I'd actually agree with that. The only problem is, we're talking about a video game here. I don't play the game to become a hero, I play the game to play a hero... and heroes do, you know, heroic stuff. Imagine that you were playing some sports title from EA where you got to be the waterboy for a major league team. It might be visually impressive, there might be a whole lot of interesting stuff going on, but you wouldn't be involved in contributing to the outcome of the games you watched, except in a very minor way. It wouldn't feel very sporty.
I think that's the sense that Copra was using when he was talking about WoW boss battles not feeling very heroic. To quote Copra:
"The more I think of it, the challenge just isn't as tangible as it should be. There is no risk involved, only severe repetition to overcome the bosses. Gear makes the effort easier, but doesn't remove any risks."
The way I see it, the main problem with bosses in WoW is that they're missing something. As Copra says, there's no risk involved... or the risks are so great that near-perfect execution is required to overcome them. There is a level of excitement and involvement that's lacking. You're just another cog in the raid machine, and if you fail to execute properly, you die, and... the raids overall dps output shrinks by a minuscule amount. Or your failure results in a raid wipe. Great - your choices are to be an unnoticed cog in the great machine, or to be the broken cog that grinds everything to a halt.
Compare that to some classic fights in Naxxramas that involved some interesting mechanics. Bosses like the Four Horsemen, Gothik, Noth, Gluth. All of these battles had a frantic, exciting, and - may I say it? - heroic feel to them. You were part of a group going up against the Big Bad Bosses, but you were never going up against just A Big Bad Boss. There were adds to pick up and kill, kite or CC. Curses and diseases to dispel. With the exception of Noth, all of the battles involves splitting up the party in some way, which had the interesting side effect of making the battle more intense. You had your part to do, but instead of being a cog in the machine, you were a part of a team that was fighting a smaller battle in support of a larger objective.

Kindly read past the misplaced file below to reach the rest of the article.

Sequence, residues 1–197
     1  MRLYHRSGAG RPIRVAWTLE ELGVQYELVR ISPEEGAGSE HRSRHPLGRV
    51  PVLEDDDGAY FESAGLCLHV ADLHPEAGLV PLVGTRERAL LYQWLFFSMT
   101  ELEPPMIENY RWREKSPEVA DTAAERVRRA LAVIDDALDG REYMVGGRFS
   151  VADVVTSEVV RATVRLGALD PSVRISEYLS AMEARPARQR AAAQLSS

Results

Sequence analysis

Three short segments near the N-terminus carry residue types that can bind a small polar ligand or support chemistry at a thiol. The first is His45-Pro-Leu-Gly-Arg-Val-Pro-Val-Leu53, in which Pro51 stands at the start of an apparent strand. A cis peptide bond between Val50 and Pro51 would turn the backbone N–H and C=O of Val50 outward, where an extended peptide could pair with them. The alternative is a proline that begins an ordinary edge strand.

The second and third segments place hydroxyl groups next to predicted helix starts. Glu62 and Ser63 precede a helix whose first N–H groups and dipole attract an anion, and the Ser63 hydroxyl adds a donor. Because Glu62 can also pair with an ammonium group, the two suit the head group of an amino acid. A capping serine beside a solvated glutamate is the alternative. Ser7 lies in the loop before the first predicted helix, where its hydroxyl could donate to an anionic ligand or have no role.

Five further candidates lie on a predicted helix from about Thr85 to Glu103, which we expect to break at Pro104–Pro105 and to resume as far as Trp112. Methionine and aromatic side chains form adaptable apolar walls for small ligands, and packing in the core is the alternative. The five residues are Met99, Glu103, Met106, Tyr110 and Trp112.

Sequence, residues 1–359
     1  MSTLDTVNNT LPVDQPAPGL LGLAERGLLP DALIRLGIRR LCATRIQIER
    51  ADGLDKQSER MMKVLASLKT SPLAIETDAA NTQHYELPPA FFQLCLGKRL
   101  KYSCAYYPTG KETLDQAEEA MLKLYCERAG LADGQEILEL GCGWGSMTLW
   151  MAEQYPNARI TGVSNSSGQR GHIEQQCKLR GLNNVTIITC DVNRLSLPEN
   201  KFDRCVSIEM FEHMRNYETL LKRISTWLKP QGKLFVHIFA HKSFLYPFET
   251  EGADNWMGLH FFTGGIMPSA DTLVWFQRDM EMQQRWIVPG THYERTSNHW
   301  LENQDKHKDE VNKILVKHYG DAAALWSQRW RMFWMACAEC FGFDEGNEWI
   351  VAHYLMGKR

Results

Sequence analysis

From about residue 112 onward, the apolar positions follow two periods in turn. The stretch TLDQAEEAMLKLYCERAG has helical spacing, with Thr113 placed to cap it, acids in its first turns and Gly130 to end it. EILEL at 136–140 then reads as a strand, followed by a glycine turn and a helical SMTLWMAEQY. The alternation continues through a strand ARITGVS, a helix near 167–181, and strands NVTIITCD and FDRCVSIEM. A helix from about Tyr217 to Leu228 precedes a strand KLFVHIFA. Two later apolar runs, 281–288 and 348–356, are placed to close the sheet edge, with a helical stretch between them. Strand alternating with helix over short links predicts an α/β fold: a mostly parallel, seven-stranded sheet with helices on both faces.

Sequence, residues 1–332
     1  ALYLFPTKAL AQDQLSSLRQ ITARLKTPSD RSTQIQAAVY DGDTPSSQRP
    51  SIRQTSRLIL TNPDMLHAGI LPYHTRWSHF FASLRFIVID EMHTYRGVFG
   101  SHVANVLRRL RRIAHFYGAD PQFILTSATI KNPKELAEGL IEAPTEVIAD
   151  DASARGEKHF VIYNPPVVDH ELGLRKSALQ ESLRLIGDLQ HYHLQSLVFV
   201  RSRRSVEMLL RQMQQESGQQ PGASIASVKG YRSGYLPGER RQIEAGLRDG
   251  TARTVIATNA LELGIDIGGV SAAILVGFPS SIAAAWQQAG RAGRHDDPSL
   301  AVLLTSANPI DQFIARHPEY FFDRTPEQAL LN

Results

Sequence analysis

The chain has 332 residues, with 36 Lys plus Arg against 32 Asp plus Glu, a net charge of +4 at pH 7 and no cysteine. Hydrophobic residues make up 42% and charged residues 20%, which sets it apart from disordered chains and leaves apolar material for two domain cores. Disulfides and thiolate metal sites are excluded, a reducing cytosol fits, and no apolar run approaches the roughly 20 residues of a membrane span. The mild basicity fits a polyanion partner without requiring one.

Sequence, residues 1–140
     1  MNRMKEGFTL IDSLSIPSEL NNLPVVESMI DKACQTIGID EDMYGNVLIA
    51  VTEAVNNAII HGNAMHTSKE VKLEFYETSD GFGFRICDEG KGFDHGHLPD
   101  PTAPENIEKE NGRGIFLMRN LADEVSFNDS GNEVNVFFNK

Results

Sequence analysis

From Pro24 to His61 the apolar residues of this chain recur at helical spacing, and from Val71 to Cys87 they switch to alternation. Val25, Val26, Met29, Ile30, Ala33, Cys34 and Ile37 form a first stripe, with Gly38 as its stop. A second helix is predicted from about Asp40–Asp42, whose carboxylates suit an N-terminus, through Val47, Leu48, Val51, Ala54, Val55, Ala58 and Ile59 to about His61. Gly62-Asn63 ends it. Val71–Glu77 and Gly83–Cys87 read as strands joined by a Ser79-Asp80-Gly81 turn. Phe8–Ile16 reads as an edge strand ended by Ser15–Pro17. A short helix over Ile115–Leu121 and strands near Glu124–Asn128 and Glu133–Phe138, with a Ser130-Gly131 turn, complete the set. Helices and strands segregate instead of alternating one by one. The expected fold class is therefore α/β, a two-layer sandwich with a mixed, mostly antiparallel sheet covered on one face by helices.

In later content, the trash (not necessarily the bosses) in the ICC 5 mans have the same feel to them. Especially running through the tunnel in the Pit of Saron, or escaping the Lich King in the Halls of Reflection. You're not in a Boss Battle, you're in a fight. Yeah, you've got a strategy to follow, but that's what it is - a strategy, a high-level plan for the battle. The actual tactics you use has to change depending on you abilities and the situation at hand. You can even screw up, sometimes more than once, but messing up doesn't always mean a wipe. It just means you need to change your tactics, blow some cooldowns, kick it up a notch and maybe try something new to kill that last stinking abomination to bring down the ice wall.
When you pull it off, you've kicked butt and taken names. When you fail... ah, well. When you fail, you went down kicking and screaming, and by the Light, you took more than a few of those scourged bastards with you.
That feels heroic.
So. More of that, please, Blizzard. Boss battles that are real fights, that feel a little bit more like PvP than a Quest for The Perfect Rotation. Fights that require you to move, to think, to react to changing situations instead of raid warnings. Fights that split you up and put you in smaller groups that have to support one another. Fights where making mistakes means you have to change tactics, instead of wiping and doing a ghost run. Fights where my contribution to the outcome is more than topping the dps meters or spamming heals.
Battles where I can play a hero for a little while.